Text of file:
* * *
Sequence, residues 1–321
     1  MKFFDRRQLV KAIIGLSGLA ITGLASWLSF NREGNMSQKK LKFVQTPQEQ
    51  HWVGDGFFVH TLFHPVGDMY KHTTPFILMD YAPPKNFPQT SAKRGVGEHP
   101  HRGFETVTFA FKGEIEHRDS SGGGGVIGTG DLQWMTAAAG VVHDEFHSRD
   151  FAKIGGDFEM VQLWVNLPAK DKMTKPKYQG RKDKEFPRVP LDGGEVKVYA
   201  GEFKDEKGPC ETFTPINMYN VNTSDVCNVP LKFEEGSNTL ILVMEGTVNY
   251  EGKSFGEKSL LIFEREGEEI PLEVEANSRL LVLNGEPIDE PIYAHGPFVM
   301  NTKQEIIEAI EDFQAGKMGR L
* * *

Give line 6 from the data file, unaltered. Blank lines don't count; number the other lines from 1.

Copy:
   201  GEFKDEKGPC ETFTPINMYN VNTSDVCNVP LKFEEGSNTL ILVMEGTVNY